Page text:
12-May-2014 by Allison McMillan

Read Time: Approx. 2 minutes

Setting up Aliases

For months and months I’ve heard people talk about setting up aliases and profiles and all these custom configs for their computers. I’ve done some basic googling but have stayed away from setting things up because I hadn’t found any simple, easy posts and I had this vision that this whole “set up” thing was super complicated. Guess what? It’s actually ridiculously simple. This is what I get for being too embarrassed to ask about something for an extended period of time.

What are aliases? Aliases are basically shortcuts for things you type all the time. The same way that hotkeys work to open up programs and execute certain actions you find yourself constantly using, aliases do that for your terminal.

The best place to start is to think about what you type all the time. For me, I type “git status” over a dozen times a day, so that was aliased to gs. Chris suggested that I set up an alias to open my bash_profile file so that I can quickly add more aliases as I discover what I type the most. As I mentioned, doing this is super easy.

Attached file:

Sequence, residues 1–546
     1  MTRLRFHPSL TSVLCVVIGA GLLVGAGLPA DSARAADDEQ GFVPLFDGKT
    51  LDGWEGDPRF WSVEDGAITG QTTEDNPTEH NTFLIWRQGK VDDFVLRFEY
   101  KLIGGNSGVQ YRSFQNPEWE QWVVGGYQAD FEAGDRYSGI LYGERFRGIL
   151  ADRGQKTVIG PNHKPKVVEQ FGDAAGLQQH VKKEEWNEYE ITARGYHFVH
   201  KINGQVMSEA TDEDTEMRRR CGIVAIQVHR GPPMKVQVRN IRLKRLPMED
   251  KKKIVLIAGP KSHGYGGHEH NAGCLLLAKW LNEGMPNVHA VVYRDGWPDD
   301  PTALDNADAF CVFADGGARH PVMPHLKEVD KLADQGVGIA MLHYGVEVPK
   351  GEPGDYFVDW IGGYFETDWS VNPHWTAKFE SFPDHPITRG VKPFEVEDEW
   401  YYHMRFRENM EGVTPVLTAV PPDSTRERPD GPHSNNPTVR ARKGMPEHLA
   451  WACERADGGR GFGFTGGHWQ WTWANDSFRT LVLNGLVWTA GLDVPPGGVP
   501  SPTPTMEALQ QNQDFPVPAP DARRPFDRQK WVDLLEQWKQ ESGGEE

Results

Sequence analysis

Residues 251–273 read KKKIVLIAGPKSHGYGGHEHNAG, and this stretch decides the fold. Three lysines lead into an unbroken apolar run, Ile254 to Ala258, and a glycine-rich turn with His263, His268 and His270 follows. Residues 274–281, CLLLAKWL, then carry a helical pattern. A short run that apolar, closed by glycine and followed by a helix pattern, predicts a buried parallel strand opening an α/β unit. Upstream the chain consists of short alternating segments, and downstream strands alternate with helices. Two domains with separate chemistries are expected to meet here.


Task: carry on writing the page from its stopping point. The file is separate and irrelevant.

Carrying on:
1. Open up your bash_profile file
2. Set up your aliases by typing alias gs=“git status”

As you see, the left of the = is what you want the shortcut to be and the right of it is what the shortcut stands for. Once you’re got all your aliases in, quit terminal and reopen it to start using them.

Besides aliases, I also learned from JP about using homebrew more effectively. Homebrew is a package manager and with homebrew you can add different packages including git bash completion which allows you to tab to complete things like git branch names and more.

The final piece of this setup is naming your computer. Apparently this is a thing. I’ve got my Disney princess naming convention for my servers so now I need one for my computer(s). I’ve decided on 80’s cartoons starting with the very-applicable “penny”. I look forward to naming future computers Brain, Jem, and, I’m sure, a number of CareBears.

Here's a good article for additional reading on setting up git aliases: http://robots.thoughtbot.com/streamline-your-git-workflow-with-aliases

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